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Proteomics. 2005 Aug;5(13):3454-66.

A proteomic study of the HUPO Plasma Proteome Project's pilot samples using an accurate mass and time tag strategy.

Author information

1
Biological Sciences Division, Pacific Northwest National Laboratory, Richland, WA 99352, USA.

Abstract

Characterization of the human blood plasma proteome is critical to the discovery of routinely useful clinical biomarkers. We used an accurate mass and time (AMT) tag strategy with high-resolution mass accuracy cLC-FT-ICR MS to perform a global proteomic analysis of pilot study samples as part of the HUPO Plasma Proteome Project. HUPO reference serum and citrated plasma samples from African Americans, Asian Americans, and Caucasian Americans were analyzed, in addition to a Pacific Northwest National Laboratory reference serum and plasma. The AMT tag strategy allowed us to leverage two previously published "shotgun" proteomics experiments to perform global analyses on these samples in triplicate in less than 4 days total analysis time. A total of 722 (22% with multiple peptide identifications) International Protein Index redundant proteins, or 377 protein families by ProteinProphet, were identified over the six individual HUPO serum and plasma samples. The samples yielded a similar number of identified redundant proteins in the plasma samples (average 446 +/- 23) as found in the serum samples (average 440 +/- 20). These proteins were identified by an average of 956 +/- 35 unique peptides in plasma and 930 +/- 11 unique peptides in serum. In addition to this high-throughput analysis, the AMT tag approach was used with a Z-score normalization to compare relative protein abundances. This analysis highlighted both known differences in serum and citrated plasma such as fibrinogens, and reproducible differences in peptide abundances from proteins such as soluble activin receptor-like kinase 7b and glycoprotein m6b. The AMT tag strategy not only improved our sample throughput but also provided a basis for estimated quantitation.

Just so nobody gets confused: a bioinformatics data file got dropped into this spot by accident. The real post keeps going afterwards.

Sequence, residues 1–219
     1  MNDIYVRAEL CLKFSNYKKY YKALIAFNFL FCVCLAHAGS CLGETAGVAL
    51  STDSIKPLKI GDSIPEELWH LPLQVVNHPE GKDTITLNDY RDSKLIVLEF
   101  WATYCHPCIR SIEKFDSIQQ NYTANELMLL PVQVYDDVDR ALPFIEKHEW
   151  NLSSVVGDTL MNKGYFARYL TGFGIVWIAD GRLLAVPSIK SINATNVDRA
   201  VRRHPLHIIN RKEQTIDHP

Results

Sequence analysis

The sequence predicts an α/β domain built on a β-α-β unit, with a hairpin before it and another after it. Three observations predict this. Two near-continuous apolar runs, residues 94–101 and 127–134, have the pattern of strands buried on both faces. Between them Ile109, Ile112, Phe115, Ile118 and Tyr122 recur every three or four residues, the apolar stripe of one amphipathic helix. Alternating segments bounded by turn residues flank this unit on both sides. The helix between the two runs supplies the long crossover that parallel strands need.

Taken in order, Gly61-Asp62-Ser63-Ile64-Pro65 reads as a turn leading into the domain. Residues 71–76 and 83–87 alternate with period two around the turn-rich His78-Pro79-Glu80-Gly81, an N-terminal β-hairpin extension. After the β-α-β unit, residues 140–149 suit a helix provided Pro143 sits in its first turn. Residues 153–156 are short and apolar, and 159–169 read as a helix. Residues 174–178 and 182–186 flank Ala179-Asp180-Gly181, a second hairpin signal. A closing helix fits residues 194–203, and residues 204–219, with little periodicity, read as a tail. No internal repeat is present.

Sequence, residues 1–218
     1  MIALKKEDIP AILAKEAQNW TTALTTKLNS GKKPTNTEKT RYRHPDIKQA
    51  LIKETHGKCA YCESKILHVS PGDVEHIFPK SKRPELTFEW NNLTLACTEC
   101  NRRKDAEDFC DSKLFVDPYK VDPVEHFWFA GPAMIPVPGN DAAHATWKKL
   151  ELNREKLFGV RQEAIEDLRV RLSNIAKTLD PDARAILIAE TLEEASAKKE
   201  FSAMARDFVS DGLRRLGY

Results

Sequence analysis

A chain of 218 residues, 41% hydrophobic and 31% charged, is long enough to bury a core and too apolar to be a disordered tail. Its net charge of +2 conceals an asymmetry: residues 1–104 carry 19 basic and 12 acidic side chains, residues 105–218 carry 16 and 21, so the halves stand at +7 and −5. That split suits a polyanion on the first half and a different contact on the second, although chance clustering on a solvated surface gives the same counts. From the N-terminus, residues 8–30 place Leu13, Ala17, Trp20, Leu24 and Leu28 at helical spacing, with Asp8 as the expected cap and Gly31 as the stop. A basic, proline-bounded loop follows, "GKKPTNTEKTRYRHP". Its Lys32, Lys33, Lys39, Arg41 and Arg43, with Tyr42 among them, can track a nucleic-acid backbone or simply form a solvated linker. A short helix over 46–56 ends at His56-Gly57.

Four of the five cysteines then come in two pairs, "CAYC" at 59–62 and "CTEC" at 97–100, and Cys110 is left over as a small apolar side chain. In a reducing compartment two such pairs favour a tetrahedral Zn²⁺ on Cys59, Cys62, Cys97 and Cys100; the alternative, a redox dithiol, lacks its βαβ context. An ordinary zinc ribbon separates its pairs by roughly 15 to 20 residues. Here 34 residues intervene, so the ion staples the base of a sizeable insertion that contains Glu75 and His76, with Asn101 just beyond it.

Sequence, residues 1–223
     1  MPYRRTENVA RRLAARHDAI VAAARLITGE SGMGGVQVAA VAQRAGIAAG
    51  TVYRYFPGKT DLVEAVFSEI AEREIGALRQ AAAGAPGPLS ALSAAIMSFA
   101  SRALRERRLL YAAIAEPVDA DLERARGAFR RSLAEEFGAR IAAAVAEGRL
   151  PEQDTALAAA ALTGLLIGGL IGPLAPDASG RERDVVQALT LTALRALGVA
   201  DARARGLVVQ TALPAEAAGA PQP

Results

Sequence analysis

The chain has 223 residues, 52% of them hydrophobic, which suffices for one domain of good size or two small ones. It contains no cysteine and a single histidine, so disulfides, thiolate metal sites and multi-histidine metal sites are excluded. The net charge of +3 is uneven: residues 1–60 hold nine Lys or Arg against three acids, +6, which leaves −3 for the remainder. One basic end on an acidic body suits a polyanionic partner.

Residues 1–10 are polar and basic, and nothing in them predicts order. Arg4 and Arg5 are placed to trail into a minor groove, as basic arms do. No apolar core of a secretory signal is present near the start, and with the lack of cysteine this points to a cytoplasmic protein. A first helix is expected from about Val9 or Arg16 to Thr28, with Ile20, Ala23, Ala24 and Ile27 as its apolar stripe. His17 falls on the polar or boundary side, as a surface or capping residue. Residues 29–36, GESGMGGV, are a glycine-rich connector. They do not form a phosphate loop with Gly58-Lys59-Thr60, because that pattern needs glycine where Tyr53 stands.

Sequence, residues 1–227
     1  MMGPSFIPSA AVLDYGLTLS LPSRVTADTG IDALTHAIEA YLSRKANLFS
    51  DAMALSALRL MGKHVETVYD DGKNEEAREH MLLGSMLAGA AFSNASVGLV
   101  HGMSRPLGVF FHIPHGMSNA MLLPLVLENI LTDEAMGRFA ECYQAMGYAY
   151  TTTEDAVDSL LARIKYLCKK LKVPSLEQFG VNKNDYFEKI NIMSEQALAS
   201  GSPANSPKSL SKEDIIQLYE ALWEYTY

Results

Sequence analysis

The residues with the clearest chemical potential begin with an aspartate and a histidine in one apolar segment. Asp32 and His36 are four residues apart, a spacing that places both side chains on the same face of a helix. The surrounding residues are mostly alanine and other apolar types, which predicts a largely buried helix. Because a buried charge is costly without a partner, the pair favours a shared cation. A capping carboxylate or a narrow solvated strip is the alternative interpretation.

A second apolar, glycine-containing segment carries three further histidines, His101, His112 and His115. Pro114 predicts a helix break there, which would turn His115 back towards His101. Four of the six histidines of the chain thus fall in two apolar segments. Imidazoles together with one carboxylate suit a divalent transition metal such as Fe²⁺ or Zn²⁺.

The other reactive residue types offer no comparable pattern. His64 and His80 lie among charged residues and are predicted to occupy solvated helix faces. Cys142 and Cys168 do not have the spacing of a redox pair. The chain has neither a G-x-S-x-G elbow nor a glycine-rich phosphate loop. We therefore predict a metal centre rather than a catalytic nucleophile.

PMID:
16052625
PMCID:
PMC2041806
DOI:
10.1002/pmic.200401333
[Indexed for MEDLINE]
Free PMC Article

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